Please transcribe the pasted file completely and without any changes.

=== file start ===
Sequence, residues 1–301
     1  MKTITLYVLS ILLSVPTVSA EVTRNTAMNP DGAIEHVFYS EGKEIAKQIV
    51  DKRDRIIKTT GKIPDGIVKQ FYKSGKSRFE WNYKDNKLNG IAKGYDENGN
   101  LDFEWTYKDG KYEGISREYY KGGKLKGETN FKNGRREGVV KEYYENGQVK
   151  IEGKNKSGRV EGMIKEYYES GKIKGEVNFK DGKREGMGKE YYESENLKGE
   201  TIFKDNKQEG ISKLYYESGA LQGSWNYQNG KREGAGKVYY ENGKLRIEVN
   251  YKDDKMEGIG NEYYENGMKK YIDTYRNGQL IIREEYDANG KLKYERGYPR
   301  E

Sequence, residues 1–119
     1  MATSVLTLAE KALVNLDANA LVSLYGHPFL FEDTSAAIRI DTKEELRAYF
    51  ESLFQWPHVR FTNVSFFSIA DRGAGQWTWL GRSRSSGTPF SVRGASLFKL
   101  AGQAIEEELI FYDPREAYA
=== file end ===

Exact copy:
Sequence, residues 1–301
     1  MKTITLYVLS ILLSVPTVSA EVTRNTAMNP DGAIEHVFYS EGKEIAKQIV
    51  DKRDRIIKTT GKIPDGIVKQ FYKSGKSRFE WNYKDNKLNG IAKGYDENGN
   101  LDFEWTYKDG KYEGISREYY KGGKLKGETN FKNGRREGVV KEYYENGQVK
   151  IEGKNKSGRV EGMIKEYYES GKIKGEVNFK DGKREGMGKE YYESENLKGE
   201  TIFKDNKQEG ISKLYYESGA LQGSWNYQNG KREGAGKVYY ENGKLRIEVN
   251  YKDDKMEGIG NEYYENGMKK YIDTYRNGQL IIREEYDANG KLKYERGYPR
   301  E

Sequence, residues 1–119
     1  MATSVLTLAE KALVNLDANA LVSLYGHPFL FEDTSAAIRI DTKEELRAYF
    51  ESLFQWPHVR FTNVSFFSIA DRGAGQWTWL GRSRSSGTPF SVRGASLFKL
   101  AGQAIEEELI FYDPREAYA